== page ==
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A Consultant’s Advice to Non-Profit Boards

A Consultant’s Advice to Non-Profit Boards

My wife and I are veterans of a dozen arts and charity boards, and herein some free advice from a world-class consultant:

1. Do not allow people to serve on the board who simply want the position on their résumé. Members need to meet three conditions: a) they have the expertise and intellectual capital (e.g., marketing or strategy) needed; b) they bring the capacity to donate and/or raise funds from others personally; c) they are capable and willing to attend all meetings and appropriate events.
2. Boards should stick to strategy and funding and evaluation of staff, but must leave daily operations to the executive director, managing director, artistic director, and so on. Most board time is wasted on how much to charge for a poster or what meal to serve at a fund raiser.
3. It is unethical for board members to do business with and to profit from their position on the board and relationship with the organization. (And when executive directors receive $400,000 to run blood banks, for example, there is something desperately wrong.)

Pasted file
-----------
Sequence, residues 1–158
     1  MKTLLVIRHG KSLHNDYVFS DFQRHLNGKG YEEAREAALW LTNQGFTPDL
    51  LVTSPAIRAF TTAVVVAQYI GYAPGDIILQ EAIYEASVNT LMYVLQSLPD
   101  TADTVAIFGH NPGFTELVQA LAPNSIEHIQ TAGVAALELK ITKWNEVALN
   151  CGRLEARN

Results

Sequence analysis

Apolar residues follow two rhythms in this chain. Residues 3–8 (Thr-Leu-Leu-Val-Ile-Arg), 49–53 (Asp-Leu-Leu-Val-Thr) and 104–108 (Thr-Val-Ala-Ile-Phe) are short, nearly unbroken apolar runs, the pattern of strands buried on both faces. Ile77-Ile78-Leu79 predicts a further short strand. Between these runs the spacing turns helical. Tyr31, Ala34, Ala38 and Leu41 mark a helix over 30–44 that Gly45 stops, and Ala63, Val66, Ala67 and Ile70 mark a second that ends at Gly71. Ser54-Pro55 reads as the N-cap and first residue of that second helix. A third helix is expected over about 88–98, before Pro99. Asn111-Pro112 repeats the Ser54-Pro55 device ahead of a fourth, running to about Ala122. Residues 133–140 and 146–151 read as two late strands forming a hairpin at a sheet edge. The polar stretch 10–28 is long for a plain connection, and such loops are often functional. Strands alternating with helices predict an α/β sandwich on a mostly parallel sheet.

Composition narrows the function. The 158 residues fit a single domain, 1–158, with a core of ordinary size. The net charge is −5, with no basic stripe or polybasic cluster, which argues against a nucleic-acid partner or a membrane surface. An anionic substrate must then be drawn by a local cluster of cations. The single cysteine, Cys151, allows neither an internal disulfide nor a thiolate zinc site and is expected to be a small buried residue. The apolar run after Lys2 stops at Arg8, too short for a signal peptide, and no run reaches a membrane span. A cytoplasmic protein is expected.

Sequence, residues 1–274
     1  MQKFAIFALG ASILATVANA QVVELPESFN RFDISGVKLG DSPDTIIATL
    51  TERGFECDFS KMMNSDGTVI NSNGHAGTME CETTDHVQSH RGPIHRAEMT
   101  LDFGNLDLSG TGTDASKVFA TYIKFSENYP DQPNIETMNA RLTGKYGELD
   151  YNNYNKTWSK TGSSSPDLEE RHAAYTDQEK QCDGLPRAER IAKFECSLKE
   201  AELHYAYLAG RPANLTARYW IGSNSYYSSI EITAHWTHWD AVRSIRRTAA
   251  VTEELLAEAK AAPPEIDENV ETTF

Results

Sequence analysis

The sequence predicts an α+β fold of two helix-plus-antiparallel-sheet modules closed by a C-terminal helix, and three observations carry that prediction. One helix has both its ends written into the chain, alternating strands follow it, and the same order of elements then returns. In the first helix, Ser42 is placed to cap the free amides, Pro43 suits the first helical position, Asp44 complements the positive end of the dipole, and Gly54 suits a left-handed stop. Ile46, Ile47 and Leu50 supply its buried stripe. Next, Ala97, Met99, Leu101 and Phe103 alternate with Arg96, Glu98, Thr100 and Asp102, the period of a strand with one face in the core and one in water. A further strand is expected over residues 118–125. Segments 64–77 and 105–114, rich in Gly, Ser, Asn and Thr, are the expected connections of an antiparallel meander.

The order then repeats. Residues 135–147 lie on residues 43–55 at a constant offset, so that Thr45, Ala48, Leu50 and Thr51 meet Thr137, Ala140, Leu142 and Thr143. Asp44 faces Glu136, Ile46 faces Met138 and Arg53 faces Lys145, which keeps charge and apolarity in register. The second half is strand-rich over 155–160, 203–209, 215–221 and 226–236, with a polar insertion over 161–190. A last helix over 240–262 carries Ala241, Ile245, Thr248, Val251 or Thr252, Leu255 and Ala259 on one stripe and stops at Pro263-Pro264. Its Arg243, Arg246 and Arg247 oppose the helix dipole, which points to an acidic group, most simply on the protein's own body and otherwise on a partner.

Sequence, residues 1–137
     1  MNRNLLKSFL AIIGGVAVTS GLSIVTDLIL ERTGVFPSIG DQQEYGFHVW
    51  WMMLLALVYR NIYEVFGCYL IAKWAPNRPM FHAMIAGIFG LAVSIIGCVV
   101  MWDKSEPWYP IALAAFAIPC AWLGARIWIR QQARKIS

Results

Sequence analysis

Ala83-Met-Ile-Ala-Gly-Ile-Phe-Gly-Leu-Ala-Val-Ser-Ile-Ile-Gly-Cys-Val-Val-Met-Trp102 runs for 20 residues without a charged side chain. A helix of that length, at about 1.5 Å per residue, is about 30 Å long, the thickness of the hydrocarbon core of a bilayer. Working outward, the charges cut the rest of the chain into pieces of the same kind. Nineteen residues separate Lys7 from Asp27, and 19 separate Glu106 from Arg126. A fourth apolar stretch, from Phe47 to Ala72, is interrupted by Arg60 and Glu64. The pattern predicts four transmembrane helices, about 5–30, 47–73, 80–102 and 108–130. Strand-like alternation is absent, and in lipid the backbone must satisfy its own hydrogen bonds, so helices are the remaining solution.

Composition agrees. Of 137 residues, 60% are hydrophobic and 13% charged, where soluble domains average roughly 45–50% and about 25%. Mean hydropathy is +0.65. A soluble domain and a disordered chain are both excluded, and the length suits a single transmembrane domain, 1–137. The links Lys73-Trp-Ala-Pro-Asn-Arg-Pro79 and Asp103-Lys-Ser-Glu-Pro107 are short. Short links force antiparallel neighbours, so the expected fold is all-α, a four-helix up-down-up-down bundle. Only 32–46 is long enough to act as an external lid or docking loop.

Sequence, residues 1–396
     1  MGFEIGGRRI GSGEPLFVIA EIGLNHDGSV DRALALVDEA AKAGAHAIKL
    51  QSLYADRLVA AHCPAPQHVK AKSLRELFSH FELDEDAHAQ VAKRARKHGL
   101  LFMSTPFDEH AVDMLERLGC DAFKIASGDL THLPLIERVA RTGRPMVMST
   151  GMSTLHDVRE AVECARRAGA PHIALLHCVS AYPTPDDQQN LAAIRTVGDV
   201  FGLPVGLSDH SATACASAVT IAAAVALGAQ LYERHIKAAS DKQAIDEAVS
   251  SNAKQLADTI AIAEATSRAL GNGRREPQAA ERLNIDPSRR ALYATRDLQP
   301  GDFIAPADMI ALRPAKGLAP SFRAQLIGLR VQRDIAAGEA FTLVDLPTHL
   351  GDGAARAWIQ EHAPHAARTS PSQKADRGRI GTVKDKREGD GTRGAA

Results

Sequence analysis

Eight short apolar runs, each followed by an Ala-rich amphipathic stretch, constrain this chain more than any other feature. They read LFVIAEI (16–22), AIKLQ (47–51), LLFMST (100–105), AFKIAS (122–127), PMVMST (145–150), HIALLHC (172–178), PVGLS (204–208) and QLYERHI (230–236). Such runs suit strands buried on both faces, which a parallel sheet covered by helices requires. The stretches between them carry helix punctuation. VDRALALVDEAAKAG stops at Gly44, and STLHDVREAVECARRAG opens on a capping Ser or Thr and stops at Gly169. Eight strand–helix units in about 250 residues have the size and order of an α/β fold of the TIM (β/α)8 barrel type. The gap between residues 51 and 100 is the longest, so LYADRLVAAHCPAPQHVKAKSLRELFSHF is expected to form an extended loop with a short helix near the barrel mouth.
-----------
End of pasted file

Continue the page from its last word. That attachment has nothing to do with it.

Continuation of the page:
4. Boards should be relatively small, have elected officers, and run according to Robert’s Rules of Order. Minutes should be maintained and distributed within 48 hours.
5. Board members should be evaluated annually and term limits should be in place. (You’re a board member, not a potted plant.)
6. Boards should meet quarterly, not monthly. Executive committees and subcommittees should meet more often.
7. Understand that the future funding potential is in individual contributions, not corporate and not government. Consequently, professional development people are invaluable.
8. Unless the recipients of the art or charity or service are improved, the effort isn’t effective. Merely perpetuating the organization is insufficient.
9. There should not be a cozy relationship among the chair and staff. The relationship should be cordial, but it’s the chair’s job to provide guidance and critique and evaluation, which is tough to do for a good friend.
10. It’s better for board members to argue and debate than to mindlessly listen to reports and rubberstamp what’s placed in front of them.

Non-profits have been failing at an alarming rate. That’s not the economy’s fault, it’s the board’s fault.

© Alan Weiss 2010. All rights reserved.

Written by

Alan Weiss is a consultant, speaker, and author of over 60 books. His consulting firm, Summit Consulting Group, Inc., has attracted clients from over 500 leading organizations around the world.

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